The Lioness and the Wind
Men. We are more than what we eat. We are what we do. Have you ever seen two men meet for the first time? We shake hands, look the other guy up and down once real quickly (Can I take him? Can I outrun him?), then we introduce our selves with two key pieces of information: we give our names and we say what we do.
“Hi, I’m Hank, I’m a plumber.”
“Nice to meet you Hank, I’m Alejandro, I’m a computer programmer.”
Rich Man, Poor Man,
Beggar Man, Thief.
So you women reading this probably think that this is silly. But it is not. Or maybe it is, but it is nevertheless a fact of man-dom. Is hardwired both into our DNA and our culture. This is why out-of-work men have nervous breakdowns. Lose your job, lose your identity.
Not that I’ve lost my job, not yet anyway, more on that in a bit. But I am having an identity crisis. You see, there is no name for what I do. So I don’t have an identity as a man. I don’t have a name for what I do, so I have no name for who I am. Deep-down, at my core, it turns out that this creates a certain level of insecurity. An insecurity I was barley aware of myself. But an insecurity that the Human Tumor was able to somehow detect and exploit.
For the last five or so years I’ve had this ever-evolving job working with my fellow diabetics. A job for which I have no formal training. A job for which I have no degree. A job for which I have no credential. Our world has no way of certifying or credentialing graduates of the School of Hard Knocks, this is not the age of the self-taught man. We live in a world that has no real respect for life-experience or life knowledge.
Or so I thought.
But as it turns out, many of my co-workers have great respect for me even so, as I’ve learned over the last week. Calls and emails: “come back. Come back and do what you do best.” Many have told me that if they were diabetics they’d rather learn from someone who has “been there and done that” than from someone with fancy credentials and no real-world knowledge.
The collective message: people with the Human Tumor’s credentials are a dime a dozen; but there is only one William Lee Dubois, and he is needed in the trenches where he belongs.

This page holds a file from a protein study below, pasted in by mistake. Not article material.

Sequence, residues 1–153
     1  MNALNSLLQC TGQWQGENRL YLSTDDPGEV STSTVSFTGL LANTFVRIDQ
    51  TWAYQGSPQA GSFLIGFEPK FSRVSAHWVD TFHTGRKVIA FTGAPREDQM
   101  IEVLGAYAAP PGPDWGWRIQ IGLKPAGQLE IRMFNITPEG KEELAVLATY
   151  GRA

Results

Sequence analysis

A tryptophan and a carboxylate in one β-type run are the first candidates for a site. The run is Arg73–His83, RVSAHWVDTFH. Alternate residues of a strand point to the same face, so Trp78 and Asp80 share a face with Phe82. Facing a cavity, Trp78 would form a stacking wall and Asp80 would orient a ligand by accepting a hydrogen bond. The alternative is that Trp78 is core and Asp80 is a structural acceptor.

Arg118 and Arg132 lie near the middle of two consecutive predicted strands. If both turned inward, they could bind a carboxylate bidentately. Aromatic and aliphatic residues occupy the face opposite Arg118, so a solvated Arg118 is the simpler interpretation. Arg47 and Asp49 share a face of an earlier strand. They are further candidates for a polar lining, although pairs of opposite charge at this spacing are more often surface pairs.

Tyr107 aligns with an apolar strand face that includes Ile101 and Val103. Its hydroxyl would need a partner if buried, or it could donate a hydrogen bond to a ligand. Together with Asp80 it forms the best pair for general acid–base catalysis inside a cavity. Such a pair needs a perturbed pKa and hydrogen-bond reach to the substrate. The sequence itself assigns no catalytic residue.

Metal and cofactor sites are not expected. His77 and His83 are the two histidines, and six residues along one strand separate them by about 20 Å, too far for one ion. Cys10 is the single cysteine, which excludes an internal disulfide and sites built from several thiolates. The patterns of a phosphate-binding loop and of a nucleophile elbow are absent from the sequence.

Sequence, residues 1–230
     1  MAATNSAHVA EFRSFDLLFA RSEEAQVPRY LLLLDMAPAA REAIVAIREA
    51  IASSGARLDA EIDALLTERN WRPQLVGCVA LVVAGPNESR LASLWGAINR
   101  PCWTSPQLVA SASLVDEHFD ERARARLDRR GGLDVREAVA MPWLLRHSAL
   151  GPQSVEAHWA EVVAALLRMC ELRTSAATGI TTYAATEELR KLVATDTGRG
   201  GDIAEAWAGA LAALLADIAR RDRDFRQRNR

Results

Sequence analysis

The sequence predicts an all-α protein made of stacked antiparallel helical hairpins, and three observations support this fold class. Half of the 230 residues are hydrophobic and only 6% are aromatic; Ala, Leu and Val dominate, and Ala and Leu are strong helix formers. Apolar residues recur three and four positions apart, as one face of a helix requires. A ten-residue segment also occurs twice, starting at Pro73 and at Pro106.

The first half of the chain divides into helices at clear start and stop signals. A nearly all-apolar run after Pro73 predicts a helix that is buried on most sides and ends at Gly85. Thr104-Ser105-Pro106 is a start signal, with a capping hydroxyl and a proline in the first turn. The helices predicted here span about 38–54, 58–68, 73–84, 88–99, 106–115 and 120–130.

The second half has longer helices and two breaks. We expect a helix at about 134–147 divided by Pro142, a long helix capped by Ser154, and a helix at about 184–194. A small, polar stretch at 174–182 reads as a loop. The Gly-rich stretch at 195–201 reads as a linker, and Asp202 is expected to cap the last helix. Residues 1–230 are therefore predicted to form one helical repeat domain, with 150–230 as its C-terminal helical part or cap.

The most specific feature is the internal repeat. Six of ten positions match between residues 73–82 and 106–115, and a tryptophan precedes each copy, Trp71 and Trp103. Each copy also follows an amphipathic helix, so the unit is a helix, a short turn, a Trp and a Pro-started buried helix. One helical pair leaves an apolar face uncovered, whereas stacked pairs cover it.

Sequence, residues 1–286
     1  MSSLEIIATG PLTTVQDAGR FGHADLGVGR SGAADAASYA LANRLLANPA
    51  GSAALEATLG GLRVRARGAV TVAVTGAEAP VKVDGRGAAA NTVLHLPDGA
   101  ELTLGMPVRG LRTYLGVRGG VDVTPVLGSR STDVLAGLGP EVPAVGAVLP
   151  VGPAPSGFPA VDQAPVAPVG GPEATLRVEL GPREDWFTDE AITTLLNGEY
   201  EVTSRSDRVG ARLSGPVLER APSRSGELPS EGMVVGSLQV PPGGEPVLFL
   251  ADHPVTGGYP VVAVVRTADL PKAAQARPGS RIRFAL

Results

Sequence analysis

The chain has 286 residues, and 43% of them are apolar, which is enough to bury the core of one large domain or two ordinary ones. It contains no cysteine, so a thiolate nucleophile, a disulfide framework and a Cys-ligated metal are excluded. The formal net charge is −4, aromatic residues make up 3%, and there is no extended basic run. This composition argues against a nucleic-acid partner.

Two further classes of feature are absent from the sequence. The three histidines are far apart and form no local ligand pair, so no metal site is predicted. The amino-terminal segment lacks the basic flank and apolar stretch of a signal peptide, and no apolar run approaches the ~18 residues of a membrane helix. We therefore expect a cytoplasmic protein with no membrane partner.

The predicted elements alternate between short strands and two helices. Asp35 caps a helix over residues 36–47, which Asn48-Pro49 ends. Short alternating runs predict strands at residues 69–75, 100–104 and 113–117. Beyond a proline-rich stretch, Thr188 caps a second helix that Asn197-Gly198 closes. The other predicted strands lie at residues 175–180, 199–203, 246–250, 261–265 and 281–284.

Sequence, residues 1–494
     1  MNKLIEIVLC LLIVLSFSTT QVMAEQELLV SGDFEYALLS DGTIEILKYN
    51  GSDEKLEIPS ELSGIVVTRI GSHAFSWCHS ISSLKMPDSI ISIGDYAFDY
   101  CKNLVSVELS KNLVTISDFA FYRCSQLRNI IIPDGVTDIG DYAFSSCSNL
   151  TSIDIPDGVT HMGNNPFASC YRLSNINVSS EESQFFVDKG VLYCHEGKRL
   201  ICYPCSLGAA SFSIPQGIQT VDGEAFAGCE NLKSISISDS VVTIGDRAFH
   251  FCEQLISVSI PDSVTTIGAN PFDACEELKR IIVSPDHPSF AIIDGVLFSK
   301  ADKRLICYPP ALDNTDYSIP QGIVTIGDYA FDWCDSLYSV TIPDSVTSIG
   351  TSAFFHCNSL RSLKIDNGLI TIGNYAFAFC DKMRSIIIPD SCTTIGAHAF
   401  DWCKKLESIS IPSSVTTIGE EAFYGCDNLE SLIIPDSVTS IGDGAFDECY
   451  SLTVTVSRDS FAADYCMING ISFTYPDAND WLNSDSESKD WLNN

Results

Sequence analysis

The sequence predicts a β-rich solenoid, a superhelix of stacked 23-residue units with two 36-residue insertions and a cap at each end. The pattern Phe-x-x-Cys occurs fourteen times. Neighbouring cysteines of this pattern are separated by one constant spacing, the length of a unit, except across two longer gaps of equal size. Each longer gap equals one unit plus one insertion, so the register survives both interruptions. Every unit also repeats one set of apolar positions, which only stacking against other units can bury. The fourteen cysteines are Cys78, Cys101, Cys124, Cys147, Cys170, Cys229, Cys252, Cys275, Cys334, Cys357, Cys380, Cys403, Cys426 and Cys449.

So right now I’m on a medical leave thanks in large part to my lioness of a wife who decided to take matters into her own hands. She heard me up late typing Friday night two weeks ago as I wrote the last post. Saturday morning while I slept she saw the comments starting to flow in—messages of sadness and support from all of you. She read the post then did something unusual for her. God bless her, she decided it was her duty to interfere.
While I was zonked out on a combination of Flexeril and Red Wine, she worked the internet. She found my medical boss’s home number and called. He was away at a retreat. She talked to his wife and found out where the retreat was. Then she (after whittling down a list of 470 persons in the U.S. with this name) called the host and convinced him to get my boss on the phone. “This is a medical emergency,” she told him.
The upshot of that was after reading my blog, I wasn’t fired (surprise!); nor was I permitted to drop to half time as I requested to maintain my health benefits. Instead, I was given a two week paid medical leave to try to sort out my body, mind, and soul. My boss told me he regarded it as a work place injury of sorts.
So that was Monday, almost two weeks ago. I saw some patients and cleaned my office so it would look nice to come back to.
Tuesday, not knowing where to start, or exactly what I was even trying to do, I drank, watched DVDs, and slept. Not necessarily in that order.
Wednesday, my mother called at 10am, while I was still in bed sleeping, and the phone scared the hell out of me and one of the cats, who was sleeping next to me. It was the first time I had ever seen a cat levitate. The intruding ring startled me so much that my back seized up.
After more muscle relaxants, pain pills, and putting my back brace on again, I sat at my desk and pondered where my life was at, where it was going. Debbie, who’s been with me nearly a quarter of a century, stated quite emphatically that, except for the last few months when the problems began, my work at the clinic made me happier than anything else I’ve ever done. By far. She was afraid I was throwing out the baby with the bath water. Maybe so.
It seemed to me that my goal for my medical leave should be to prevent my own impending nervous breakdown.
I called and left a message with a Medical Massage person that had been recommended and left a second message for a “brain mechanic” I have high regard for. The blood sugar part of the equation would need to wait; I had to remove the barriers fatigue, paranoia, stress, and pain before I can get that back on track. Then I focused on my ongoing identity crisis as a place to start.
So what do I do? I started a list with pen and paper.
I educate. I guide. I communicate. I advocate. I inspire. I empower. I heal.
What are the tools that I use to do that?
Knowledge. Empathy. Humanity. Acceptance. Kindness. Compassion. I use technology and analogy. Speaking and writing.
So what are the titles of people who do the various things I do? What is the recipe that makes up me?
A dash of Professor. A sprinkle of Doctor. A little bit of Nurse. Part Coach. Part Sociologist. And Economist. Anthropologist. Councilor. Ambassador. Social Worker. Priest. Scientist. Investigator. Pharmacist. Exercise Physiologist. Translator. Linguist. Dietitian. Psychologist. Trainer. Analyst. Sleuth. Researcher. And God help me, a little bit of Guru.
But that doesn’t fit onto a business card.
Next time: new career or new business card?